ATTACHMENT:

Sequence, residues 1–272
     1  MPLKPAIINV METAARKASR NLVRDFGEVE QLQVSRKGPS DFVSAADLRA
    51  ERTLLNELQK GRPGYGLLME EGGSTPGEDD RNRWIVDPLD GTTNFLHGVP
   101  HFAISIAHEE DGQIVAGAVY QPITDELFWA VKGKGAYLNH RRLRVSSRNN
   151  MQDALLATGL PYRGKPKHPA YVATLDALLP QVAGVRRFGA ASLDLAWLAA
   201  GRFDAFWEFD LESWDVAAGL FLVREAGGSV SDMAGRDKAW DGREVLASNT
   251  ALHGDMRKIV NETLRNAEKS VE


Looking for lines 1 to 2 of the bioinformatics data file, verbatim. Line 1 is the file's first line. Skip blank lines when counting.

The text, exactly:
Sequence, residues 1–272
     1  MPLKPAIINV METAARKASR NLVRDFGEVE QLQVSRKGPS DFVSAADLRA